And like I said, his little dorky friends aren't little anymore – though I think they'll always be dorks. Quil, Embry, some older boys and Sam Uley – whom I graduated with – are around the house all the time. And they all share these same traits. They're big and they just look so angry all the time – despite their constant jokes. Not this raging and throwing things kind of anger. A bitter, sad, resentful anger. Like they're all resigned. They stay together – even outside the house they all go everywhere together.

Sam seems to be the ring-leader, though what he wants with such young kids is strange to me. Sam's at least twenty or twenty one. I don't understand how he spends so much time with my younger brother. The whole group of them spans the ages. Jake and his friends seem to be youngest. I met a boy Jared who's eighteen and I've seen others with him. I don't think it's bad per se. I just think it's strange. There's more happening than meets the eye, I'm sure. Jacob won't say anything. I just hope it's nothing stupid.

But that New Year's Eve, I figured it all out and fell down the rabbit hole.

There was a bonfire down on first beach that night and yours truly was begged to come – because I happen to be a champion bonfire builder. No one else has ever really had the patience to stack the wood like I do. But if you can manage it, the fire burns tall and lasts for a long time, never collapsing on itself.

The sun was just beginning to set over the ocean and I was precariously stacking the bleached out driftwood in my prize winning pattern. A girl, Emily – Sam's girlfriend - was there. She helped me gather supplies and set everything up. The man-child crew were shoving each other into the sand and oncoming waves – in January – while Emily and I coaxed the fire to life.

I watched the sparks sizzle and snap as they crawled up the wood pile. My eyes were glued to the pyre as it grew. Emily tossed a few twigs in now and then, while Sam brought down a cooler of hotdogs and soda. I could see some of the boys run up the beach to help others that had just arrived. Jacob sat with Emily and I; and another one I'd never met joined Sam a few feet away.

"Oh, Rach," Jacob said, "this is Paul. I don't know if you've met him yet. I don't think he's been by the house. Paul, you idiot, say hi."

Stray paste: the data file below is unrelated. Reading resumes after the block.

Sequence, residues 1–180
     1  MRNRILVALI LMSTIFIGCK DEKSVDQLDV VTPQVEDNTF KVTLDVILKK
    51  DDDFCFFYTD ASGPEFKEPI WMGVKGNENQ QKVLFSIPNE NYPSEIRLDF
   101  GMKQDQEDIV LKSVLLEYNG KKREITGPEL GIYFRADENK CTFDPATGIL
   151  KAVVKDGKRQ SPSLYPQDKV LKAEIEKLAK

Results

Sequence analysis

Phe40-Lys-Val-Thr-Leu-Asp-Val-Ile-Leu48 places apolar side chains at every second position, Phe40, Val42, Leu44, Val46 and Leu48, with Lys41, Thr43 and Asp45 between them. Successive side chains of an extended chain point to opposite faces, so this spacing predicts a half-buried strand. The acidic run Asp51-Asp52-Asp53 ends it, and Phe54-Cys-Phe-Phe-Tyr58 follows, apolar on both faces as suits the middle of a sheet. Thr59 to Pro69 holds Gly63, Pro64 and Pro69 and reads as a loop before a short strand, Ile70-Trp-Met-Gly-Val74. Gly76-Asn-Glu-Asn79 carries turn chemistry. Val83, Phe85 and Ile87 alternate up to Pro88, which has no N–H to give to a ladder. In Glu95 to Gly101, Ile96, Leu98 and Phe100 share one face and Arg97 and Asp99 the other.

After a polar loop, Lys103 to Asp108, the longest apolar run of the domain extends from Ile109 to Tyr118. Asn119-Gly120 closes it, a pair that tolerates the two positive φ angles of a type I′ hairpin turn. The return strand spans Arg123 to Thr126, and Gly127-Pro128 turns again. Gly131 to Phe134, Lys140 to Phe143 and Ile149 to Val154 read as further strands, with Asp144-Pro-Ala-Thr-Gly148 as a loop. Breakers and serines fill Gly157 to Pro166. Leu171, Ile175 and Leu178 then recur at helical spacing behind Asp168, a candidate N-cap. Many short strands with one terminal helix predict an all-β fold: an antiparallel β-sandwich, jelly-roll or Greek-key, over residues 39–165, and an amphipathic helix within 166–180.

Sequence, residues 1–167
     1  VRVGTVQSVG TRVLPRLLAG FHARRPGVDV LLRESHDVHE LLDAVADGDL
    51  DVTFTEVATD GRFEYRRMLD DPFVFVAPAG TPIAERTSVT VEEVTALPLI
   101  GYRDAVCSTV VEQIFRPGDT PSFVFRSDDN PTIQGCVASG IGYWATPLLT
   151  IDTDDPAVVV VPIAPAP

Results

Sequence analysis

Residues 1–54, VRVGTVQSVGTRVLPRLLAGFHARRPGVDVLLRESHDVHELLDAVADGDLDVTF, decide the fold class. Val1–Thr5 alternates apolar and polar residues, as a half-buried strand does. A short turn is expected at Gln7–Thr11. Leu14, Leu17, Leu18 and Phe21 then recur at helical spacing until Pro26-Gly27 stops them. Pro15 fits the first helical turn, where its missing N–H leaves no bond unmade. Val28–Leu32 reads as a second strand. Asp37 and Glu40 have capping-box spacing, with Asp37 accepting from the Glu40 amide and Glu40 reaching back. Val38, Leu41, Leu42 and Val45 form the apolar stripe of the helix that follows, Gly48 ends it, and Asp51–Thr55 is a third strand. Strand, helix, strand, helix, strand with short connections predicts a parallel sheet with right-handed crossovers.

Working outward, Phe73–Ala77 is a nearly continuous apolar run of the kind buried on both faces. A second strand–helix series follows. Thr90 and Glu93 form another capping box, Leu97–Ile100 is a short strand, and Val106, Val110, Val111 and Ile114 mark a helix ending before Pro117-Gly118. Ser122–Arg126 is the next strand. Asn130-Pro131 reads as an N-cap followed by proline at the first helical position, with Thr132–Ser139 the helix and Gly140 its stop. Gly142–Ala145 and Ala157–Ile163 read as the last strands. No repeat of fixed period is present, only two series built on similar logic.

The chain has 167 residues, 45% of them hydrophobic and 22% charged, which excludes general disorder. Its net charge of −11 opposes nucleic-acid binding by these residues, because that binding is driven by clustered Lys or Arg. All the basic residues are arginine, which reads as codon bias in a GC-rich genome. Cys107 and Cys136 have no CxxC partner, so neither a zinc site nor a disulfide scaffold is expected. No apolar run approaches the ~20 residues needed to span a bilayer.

Paul and Sam were only about three feet away from us but obviously fully ensconced in their own near silent conversation at the time. "Wha?" Paul turned his head around with a chip halfway to his mouth. "Hi."

That was it. He just looked at me for a moment, waved at me and then kinda pushed Sam across the sand and towards the line of cars on the road. "Paul, what are you doing?"

"I need to talk to you."

To this day Paul has tried to explain to me several times what imprinting is like. He said it happens in that instant you first really make eye contact with the person. All of a sudden, you can't breathe for a moment and all the faces around you blur and fog. That one person is thrown into stark contrast; you see every beautiful detail about them. Every move of hair, twitch of a smile, movement of fingers.

And to this day I don't understand. The first time Paul sat down and tried to verbalize it, I flipped out, thinking he was seeing into every pore and imperfection on me. After disentangling me from my sweatshirt where I was hiding, he told me it wasn't like that. What I saw as oddities – scars, birthmarks, fly away hairs – he saw as parts of the greater whole. Like a painting, when examined closely it's nothing but a bunch of colored splotches - these amorphous blobs and shapes – but when viewed as the whole they become master works of art. If anything were missing it wouldn't be the same. That helped a little bit.

At the moment though, I had no idea what was going on. I honestly thought Paul was a bit slow. "OH-kay!" I said quietly as he and Sam retreated.

Emily just laughed, "Don't mind them. They're all so used to each other that girls kinda throw them for a minute."

I chuckled quietly with her. It did make sense. Jacob just stared after the two, his eyes boring into the back of their heads like he was trying to read their minds. Eventually he just shook his head and stood to help with the food. As I turned around to gather the other fire supplies that I'd brought, a large body plopped carefully in Jacob's spot. It was Paul. He just looked at me for a moment and took a deep breath. "Hi, I'm Paul. Sorry about earlier. I'm just… Okay so I don't really have an excuse. I'm just Paul."